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Sustainable Adhesives from Biobased Feedstocks & Biomimetic Chemistry

Wednesday, August 28, 2024
10:00 AM - 11:00 AM (EDT)

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Event Details


Modern adhesives have excellent performance but create environmental issues owing to inabilities to debond substrates, hinderance of materials recycling, and contributions to ocean microplastics.  The chemistry of adhesives in sea creatures, such as mussels and oysters, is guiding our efforts to develop new classes of sustainable materials. When combined with catechol chemistry from shellfish, both proteins and vegetable oils can provide the basis for new high-performance adhesives. Bond strengths can compare with epoxies, costs can be low, and precursors are already available on train scale scales.  Fundamental studies of how sea creatures stick is now yielding adhesives that can be derived from fully sustainable feedstocks.


  1. Environmental problems created by modern adhesives.
  2. Commercial intransigence regarding shifting toward sustainability. 
  3. Biomimicry principles for creating adhesives.
  4. New fully bio-based adhesives being developed.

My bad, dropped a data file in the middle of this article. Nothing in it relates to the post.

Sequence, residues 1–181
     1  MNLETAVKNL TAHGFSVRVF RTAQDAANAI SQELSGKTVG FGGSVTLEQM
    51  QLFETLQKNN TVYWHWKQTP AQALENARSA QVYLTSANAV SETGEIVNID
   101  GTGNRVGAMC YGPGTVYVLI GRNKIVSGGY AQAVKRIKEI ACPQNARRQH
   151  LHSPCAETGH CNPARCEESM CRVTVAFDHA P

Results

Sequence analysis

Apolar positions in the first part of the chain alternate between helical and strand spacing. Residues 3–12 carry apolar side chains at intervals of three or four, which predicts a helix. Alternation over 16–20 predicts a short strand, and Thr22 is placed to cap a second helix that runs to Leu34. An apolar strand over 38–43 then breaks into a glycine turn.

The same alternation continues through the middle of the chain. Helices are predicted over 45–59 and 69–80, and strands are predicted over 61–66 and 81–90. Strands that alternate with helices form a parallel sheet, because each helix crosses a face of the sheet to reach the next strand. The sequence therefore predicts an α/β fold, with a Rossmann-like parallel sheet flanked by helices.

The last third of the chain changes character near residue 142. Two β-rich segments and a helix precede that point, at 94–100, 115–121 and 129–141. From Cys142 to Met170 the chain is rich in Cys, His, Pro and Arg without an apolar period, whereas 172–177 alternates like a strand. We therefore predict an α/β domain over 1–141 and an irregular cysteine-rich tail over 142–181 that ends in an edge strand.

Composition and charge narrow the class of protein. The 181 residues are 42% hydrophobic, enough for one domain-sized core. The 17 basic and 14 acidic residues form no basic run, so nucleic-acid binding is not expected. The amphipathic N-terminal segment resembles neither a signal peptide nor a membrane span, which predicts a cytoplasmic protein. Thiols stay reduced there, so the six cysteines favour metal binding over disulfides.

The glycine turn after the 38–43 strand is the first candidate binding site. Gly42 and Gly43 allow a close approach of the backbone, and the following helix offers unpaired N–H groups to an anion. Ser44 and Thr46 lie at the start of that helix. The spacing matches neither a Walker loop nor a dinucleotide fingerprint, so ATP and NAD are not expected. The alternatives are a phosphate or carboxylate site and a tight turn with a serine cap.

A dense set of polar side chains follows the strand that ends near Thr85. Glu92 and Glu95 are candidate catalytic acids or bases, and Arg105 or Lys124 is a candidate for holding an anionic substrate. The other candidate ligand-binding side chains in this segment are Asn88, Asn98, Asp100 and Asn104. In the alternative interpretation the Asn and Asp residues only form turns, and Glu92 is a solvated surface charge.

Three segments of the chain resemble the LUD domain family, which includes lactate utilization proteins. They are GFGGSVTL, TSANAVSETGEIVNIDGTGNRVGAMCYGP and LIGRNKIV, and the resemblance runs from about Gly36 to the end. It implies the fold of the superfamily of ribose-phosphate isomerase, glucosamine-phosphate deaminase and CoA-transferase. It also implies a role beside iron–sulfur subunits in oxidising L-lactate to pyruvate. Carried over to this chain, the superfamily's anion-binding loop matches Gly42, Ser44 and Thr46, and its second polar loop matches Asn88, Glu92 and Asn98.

5. Commercial potential for sustainable adhesives.


  1. Modern adhesive problems, the needs for sustainability, and barriers to adoption.
  2. Biomimicry in the design of new adhesives.
  3. Combining biomimicry with bio-based feedstocks.
  4. Presentation of new polymer, protein, and soy oil-based systems.
  5. Future commercial impact of sustainably sourced adhesives.

Who Should Attend:

This is an ideal webinar for all markets looking to find sustainable adhesive solution for their applications. Professionals in business development, R&D, scientists, chemists will learn about the biobased adhesives and their properties and applications.


Jonathan Wilker
Purdue University

Jon grew up in the Boston area and was often taken to the beach by his parents.  Now at Purdue, his research program focuses on materials produced by marine organisms.  A particular emphasis is the adhesives and cements produced by mussels and oysters for sticking to rocks.  Ongoing efforts include characterization of these marine biological materials, developing synthetic polymer mimics, and designing applications for these new materials.  Projects are often inspired by what is seen while out scuba diving.  
1991:  B.S. in Chemistry, University of Massachusetts at Amherst; 1996:  Ph.D. in Chemistry, Massachusetts Institute of Technology; 1996-1999:  Postdoc, California Institute of Technology; 1999-present:  Professor at Purdue University